CHANCELLOR RISHI Sunak used the latest budget to announce the government’s commitment of Â£ 5 billion to remove hazardous coatings from buildings most at risk. Speaking to Parliament, the Chancellor said this sum will be partly funded by the Residential Property Developers Tax (which will be levied on developers with profits exceeding Â£ 25million at a rate of 4%).
The news follows a call by the Commons Housing Select Committee to establish a new, larger fund “that addresses the real scale of fire safety problems.”
The government’s latest commitment is by no means the end of the post-Grenfell overhaul. The Building Safety Bill, released in July, aims to transform the existing fire safety system and increase accountability, transparency and oversight of fire safety throughout the life of a building. According to the proposals, a new national regulator will be established to maximize fire safety during the design, construction, completion and eventual occupancy stages of a building.
In addition, the government is also planning to change the law to give owners 15 years – instead of six – to take action against dishonest developers. In addition, new guidance from the British Standards Institution is expected by the end of the year regarding personal emergency evacuation plans for disabled and vulnerable residents.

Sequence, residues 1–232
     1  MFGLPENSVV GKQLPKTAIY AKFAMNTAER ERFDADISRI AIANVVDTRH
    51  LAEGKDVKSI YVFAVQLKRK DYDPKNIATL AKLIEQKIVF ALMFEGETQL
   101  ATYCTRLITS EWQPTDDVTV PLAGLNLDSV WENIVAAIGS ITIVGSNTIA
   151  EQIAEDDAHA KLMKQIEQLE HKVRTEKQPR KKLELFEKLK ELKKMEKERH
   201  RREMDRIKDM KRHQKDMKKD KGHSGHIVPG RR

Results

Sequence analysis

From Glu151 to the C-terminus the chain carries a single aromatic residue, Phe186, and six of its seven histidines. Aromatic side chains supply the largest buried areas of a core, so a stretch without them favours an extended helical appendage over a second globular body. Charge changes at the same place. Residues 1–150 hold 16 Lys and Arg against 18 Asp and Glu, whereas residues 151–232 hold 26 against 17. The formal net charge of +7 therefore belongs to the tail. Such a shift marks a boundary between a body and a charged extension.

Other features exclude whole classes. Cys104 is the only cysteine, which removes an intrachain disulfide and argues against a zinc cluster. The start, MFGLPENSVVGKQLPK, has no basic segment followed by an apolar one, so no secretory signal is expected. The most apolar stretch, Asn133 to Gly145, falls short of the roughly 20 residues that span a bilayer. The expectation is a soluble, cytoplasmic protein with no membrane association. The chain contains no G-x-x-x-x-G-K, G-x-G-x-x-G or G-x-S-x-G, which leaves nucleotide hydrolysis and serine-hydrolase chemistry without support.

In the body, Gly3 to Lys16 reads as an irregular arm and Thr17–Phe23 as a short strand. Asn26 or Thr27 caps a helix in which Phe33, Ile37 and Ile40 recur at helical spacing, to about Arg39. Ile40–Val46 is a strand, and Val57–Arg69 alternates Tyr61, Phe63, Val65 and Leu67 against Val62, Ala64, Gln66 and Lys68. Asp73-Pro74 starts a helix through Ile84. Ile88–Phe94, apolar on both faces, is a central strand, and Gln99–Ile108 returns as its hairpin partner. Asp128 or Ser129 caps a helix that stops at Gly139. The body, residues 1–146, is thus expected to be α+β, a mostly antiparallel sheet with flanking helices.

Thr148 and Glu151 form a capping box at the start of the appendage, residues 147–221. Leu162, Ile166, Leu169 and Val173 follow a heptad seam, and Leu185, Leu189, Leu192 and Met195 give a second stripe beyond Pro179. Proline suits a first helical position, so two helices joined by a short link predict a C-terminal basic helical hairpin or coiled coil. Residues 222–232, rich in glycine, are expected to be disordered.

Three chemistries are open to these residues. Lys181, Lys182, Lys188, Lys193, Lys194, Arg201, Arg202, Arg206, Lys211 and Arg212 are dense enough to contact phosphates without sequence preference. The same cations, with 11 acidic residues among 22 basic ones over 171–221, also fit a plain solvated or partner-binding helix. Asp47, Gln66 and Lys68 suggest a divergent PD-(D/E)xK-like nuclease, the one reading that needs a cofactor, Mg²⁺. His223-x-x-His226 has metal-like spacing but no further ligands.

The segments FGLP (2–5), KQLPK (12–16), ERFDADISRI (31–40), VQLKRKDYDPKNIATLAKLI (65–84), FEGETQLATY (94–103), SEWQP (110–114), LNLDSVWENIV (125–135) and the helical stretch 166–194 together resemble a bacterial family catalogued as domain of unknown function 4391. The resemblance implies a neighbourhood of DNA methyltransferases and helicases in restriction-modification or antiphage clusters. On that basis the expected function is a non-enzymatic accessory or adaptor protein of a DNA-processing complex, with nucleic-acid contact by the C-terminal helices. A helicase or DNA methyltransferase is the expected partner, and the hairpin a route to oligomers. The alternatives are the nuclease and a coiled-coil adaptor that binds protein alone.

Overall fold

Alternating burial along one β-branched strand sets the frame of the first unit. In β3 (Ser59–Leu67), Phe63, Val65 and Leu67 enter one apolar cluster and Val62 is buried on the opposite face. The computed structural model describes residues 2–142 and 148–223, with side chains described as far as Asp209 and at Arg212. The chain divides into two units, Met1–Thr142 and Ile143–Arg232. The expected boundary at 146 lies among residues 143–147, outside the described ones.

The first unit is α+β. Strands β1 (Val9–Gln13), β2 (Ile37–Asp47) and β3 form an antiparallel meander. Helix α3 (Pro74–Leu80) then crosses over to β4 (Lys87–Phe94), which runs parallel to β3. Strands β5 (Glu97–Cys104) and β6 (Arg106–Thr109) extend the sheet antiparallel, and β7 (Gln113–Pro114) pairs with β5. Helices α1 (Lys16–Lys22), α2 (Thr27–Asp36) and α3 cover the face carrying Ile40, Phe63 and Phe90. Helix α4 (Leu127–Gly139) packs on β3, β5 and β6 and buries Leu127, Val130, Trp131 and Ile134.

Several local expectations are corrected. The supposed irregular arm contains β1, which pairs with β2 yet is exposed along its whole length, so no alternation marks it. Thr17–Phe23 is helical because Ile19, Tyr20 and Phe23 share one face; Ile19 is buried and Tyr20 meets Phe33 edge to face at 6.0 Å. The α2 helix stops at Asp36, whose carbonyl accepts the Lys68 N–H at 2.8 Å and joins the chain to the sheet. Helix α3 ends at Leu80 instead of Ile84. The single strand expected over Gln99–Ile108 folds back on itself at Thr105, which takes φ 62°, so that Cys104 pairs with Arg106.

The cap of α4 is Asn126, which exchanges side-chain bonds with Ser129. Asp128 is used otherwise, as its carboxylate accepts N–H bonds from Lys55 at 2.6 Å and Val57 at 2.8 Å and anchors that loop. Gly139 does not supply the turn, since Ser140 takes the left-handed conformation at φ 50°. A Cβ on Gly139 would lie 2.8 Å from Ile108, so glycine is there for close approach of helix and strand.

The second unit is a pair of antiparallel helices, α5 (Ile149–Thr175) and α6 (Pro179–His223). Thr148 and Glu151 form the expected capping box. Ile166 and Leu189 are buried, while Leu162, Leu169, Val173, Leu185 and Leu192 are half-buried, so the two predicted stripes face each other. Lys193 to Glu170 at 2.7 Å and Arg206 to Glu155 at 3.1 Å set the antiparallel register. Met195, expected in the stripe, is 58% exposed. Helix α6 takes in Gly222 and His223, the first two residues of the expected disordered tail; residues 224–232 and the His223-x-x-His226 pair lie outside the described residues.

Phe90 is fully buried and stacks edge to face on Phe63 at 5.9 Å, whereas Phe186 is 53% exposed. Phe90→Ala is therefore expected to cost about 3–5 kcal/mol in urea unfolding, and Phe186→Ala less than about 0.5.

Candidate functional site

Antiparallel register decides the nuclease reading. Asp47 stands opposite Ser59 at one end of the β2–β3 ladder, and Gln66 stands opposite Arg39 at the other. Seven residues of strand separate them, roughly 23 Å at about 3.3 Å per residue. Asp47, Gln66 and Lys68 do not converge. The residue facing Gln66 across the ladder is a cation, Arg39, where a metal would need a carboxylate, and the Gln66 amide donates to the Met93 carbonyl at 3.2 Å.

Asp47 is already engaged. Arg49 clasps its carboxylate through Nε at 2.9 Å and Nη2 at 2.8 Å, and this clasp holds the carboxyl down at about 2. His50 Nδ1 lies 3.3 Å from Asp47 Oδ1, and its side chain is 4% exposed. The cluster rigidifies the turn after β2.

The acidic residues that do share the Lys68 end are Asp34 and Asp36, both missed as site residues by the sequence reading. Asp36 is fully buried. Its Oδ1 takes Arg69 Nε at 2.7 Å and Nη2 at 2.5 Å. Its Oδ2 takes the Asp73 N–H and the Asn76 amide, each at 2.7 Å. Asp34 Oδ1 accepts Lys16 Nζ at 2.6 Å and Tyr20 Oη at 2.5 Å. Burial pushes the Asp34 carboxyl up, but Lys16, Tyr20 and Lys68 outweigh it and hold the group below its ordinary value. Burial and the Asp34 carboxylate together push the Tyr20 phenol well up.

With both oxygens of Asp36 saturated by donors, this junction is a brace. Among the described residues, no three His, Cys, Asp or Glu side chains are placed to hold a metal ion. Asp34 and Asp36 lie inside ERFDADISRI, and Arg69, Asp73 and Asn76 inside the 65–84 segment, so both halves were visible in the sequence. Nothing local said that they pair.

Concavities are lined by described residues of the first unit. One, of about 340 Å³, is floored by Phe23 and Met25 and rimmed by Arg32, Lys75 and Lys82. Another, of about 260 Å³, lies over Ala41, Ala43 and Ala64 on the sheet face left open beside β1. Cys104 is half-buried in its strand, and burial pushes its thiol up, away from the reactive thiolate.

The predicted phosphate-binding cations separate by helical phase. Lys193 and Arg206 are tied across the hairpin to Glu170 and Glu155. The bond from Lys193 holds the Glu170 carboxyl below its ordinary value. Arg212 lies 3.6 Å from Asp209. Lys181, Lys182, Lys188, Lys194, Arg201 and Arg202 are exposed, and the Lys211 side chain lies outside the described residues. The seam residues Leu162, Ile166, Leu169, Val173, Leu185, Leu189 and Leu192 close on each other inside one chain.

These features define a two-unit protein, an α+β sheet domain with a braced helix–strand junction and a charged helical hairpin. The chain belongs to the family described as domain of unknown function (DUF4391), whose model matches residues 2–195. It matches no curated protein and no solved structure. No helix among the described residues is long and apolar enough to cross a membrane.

Reduce risks in social housing
There are new and smart ways to reduce risk in social housing that can be implemented now to support the goals of the Building Safety Bill and the Fire Safety Act of 2021 and, ultimately account, protect tenants, property managers and landlords.
By introducing connected technologies such as the Internet of Things (IoT) and artificial intelligence (AI), social landlords can ease some of the burden of fire prevention and make the lives of their tenants safer.
After Grenfell, more than 400 ‘Waking Watches’ were created across the country to monitor buildings, costing Londoners Â£ 145million a year alone. This is equivalent to more than a third of the annual budget of the London Fire Brigade, which itself is essential to protect the capital from deadly disasters such as fires, terrorist threats and floods.
Many commentators believe that using humans for fire prevention should not be the only intervention and is not financially sustainable in the long term. With remote monitoring and cloud connectivity of smoke detectors, social landlords can streamline fire prevention and create a centralized offsite monitoring opportunity.
Connected technology can be installed within the parameters of an existing budget and support short-term âWaking Watchesâ by sending instant notifications when an alarm is activated, devices are removed from the base or when a tenant needs help.
Going forward, a combination of IoT, robust fire detection and warning systems and evacuation plans tailored to the needs of each resident could completely replace the need for on-site âWaking Watchesâ.